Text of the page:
“Carried interest is on the table,” said White House Chief of Staff Reince Priebus on ABC’s This Week last Sunday. “The president wants to get rid of carried interest so that balloon is not going to stay inflated very long, I can assure you of that.”
While the so-called “carried interest loophole” is a frequent punching bag of populist politicians, it is generally misunderstood. Experts explain that the tax code treats carried interest as it does for specific reasons, and while President Donald Trump has claimed it primarily is a boon for hedge fund managers, it’s more often a policy that affects venture capital and private equity investments.
Investment managers often receive carried interest payments instead of income. Critics have argued it’s being used unfairly as a tax loophole since these payments are not taxed as income. But the carried interest discussion is often plagued with misconceptions. The policy simply allows investment managers to receive a percentage of gains made through investments rather than a salary. The tax treatment can result in a lower tax rate, but it’s primarily designed to incentivize managers to create more returns.
“The current rhetoric misstates what the treatment actually is in several respects,” American Enterprise Institute scholar Alan Viard told InsideSources. “If the treatment was what the rhetoric suggested, I think it would be bad. But the rhetoric just isn’t a correct description of what the current tax law is doing.”
Trump spoke out against the carried interest loophole during the campaign, as well. He promised to eliminate the policy in his economic growth plan. The president and his administration are likely referring only to ending the lower tax rate, though some of the administration’s rhetoric on the issue has been very imprecise. The administration has not yet detailed exactly what it hopes to do. Other Republicans have fought past attempts to eliminate the carried interest loophole.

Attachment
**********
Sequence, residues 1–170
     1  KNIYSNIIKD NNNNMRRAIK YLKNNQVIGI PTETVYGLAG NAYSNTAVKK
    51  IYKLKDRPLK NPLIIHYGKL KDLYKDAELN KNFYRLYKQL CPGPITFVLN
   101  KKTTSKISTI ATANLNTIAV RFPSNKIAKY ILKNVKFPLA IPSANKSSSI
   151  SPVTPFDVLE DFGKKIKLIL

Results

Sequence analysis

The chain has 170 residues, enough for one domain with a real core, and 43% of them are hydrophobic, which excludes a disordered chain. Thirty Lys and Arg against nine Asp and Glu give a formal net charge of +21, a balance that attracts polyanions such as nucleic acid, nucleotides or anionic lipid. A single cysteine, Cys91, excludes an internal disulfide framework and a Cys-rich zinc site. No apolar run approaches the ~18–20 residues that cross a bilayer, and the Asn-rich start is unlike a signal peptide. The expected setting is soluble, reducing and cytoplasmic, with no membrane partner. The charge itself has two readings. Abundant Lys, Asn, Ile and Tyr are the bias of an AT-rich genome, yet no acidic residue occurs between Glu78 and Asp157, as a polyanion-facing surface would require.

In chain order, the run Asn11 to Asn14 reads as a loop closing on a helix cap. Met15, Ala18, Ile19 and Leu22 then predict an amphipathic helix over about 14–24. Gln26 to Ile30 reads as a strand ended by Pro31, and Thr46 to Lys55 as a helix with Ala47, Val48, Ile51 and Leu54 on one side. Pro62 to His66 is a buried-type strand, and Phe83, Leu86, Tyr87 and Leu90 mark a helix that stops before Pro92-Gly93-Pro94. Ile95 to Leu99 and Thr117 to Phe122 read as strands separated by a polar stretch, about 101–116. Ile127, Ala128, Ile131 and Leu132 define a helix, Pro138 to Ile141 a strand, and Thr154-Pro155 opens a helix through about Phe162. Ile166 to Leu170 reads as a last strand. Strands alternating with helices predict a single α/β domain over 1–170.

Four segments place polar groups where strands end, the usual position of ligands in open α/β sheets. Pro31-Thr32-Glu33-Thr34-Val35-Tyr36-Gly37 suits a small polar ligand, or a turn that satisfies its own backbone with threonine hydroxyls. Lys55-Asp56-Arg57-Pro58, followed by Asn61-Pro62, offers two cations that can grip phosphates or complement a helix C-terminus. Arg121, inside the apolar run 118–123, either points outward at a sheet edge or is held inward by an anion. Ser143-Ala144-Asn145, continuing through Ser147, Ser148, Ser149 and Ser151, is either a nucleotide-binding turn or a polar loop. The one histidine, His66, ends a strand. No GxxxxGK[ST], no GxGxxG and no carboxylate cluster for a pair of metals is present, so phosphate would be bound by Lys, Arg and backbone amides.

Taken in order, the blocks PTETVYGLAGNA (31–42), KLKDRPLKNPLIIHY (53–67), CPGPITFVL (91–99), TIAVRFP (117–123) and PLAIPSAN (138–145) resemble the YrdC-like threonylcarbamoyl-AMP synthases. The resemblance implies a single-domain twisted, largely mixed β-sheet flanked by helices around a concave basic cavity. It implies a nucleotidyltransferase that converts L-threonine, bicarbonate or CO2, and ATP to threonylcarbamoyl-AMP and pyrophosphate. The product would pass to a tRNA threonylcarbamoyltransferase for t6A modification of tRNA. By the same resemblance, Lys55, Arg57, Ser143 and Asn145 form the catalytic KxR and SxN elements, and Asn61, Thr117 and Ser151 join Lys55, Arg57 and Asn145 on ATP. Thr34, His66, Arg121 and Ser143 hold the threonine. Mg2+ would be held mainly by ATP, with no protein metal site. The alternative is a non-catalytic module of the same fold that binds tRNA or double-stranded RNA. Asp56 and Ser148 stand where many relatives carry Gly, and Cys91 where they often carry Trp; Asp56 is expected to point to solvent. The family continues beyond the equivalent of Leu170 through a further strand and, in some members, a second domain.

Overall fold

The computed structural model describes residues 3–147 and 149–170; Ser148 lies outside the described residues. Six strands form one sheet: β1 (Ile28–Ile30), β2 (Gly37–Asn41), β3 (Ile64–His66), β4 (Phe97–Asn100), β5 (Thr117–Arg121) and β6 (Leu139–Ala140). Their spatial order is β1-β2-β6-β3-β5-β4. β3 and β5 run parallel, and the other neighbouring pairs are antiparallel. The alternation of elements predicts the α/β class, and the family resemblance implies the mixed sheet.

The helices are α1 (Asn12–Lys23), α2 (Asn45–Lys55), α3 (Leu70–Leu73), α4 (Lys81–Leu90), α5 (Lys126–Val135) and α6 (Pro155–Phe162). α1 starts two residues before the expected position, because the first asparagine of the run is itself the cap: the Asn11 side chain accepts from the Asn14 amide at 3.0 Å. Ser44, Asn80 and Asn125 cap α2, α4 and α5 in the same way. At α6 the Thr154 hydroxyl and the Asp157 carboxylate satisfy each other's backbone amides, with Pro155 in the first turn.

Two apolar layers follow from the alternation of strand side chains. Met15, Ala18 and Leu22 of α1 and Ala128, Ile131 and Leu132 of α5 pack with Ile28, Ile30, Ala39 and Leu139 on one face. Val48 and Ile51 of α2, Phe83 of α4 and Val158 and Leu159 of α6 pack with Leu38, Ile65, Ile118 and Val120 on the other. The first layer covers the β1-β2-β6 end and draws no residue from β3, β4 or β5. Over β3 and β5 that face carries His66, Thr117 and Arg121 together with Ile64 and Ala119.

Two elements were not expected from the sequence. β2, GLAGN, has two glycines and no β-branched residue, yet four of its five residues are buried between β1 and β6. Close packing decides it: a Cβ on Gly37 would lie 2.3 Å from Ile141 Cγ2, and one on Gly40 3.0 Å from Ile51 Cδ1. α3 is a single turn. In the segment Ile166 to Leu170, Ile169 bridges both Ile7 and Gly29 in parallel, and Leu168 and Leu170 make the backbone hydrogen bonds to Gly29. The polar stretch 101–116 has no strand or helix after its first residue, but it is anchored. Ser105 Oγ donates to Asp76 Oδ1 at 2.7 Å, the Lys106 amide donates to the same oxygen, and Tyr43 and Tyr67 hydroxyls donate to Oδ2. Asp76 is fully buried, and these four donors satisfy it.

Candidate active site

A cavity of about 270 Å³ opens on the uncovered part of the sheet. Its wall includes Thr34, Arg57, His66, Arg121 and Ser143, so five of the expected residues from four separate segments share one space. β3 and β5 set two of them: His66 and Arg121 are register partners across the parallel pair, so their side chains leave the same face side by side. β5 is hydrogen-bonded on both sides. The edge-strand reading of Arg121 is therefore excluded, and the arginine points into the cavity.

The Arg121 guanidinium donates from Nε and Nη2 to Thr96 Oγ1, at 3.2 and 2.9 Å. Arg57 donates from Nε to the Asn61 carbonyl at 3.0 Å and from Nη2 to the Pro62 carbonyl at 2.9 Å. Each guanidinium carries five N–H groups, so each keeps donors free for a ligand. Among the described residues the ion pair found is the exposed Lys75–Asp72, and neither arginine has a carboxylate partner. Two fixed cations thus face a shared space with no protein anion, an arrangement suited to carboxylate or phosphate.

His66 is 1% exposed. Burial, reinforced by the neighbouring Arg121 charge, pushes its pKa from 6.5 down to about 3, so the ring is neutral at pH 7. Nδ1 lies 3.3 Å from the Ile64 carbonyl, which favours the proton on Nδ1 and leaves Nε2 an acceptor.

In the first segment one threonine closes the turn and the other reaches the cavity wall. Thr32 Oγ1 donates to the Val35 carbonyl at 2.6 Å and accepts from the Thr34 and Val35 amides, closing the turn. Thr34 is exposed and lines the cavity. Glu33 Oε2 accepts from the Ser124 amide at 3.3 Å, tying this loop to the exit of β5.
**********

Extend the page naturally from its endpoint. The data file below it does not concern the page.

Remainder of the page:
“When I hear someone like the president say we’re going to get rid of carried interest, I don’t interpret that as we’re going to eliminate the carried interest fee structure for compensating fund managers,” Scott Greenberg, an analyst at the Tax Foundation, told InsideSources. “I hear that as a shorthand for we are going to eliminate the ability to claim the lower capital gains rate on their carried interest income.”
The administration still faces potential risks with implementation. The president could just try to address the tax portion, but even that comes with plenty of obstacles. A proposal that only targets investment managers could create further complications by inadvertently adding a new tax rate.
“Presumably they’ll want to reclassify this as business income,” Viard, who has written extensively on carried interest, said. “The problem with the Trump plan is that we now have three tax rates floating around, not two. There’s the ordinary tax rate on wages, there’s the 15 percent rate on business income, and there’s the 20 percent rate on capital gains.”
Investment returns like capital gains or dividends are taxed at a lower rate than income. Investment managers that are compensated through carried interest often pay the lower tax rate since they are receiving a percentage of the capital gains or dividends.
“There’s this other issue that, what fund managers are doing looks an awful lot like work, and therefore their compensation looks like it ought to be treated as wages and salaries,” Tax Policy Center fellow Donald Marron told InsideSources. “I find that compelling. I don’t technically view that as a loophole issue, more a description of what we think their work is.”